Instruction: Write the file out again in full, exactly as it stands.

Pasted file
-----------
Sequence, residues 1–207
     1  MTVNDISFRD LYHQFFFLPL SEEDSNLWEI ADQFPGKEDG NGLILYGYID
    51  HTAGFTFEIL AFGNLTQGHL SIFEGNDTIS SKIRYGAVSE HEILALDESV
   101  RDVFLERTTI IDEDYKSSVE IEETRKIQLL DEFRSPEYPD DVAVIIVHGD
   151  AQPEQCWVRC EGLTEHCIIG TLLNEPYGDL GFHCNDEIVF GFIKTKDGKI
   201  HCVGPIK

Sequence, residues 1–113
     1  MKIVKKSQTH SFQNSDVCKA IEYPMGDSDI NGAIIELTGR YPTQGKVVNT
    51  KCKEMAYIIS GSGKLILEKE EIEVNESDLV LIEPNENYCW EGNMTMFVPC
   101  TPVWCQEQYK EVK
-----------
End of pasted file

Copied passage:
Sequence, residues 1–207
     1  MTVNDISFRD LYHQFFFLPL SEEDSNLWEI ADQFPGKEDG NGLILYGYID
    51  HTAGFTFEIL AFGNLTQGHL SIFEGNDTIS SKIRYGAVSE HEILALDESV
   101  RDVFLERTTI IDEDYKSSVE IEETRKIQLL DEFRSPEYPD DVAVIIVHGD
   151  AQPEQCWVRC EGLTEHCIIG TLLNEPYGDL GFHCNDEIVF GFIKTKDGKI
   201  HCVGPIK

Sequence, residues 1–113
     1  MKIVKKSQTH SFQNSDVCKA IEYPMGDSDI NGAIIELTGR YPTQGKVVNT
    51  KCKEMAYIIS GSGKLILEKE EIEVNESDLV LIEPNENYCW EGNMTMFVPC
   101  TPVWCQEQYK EVK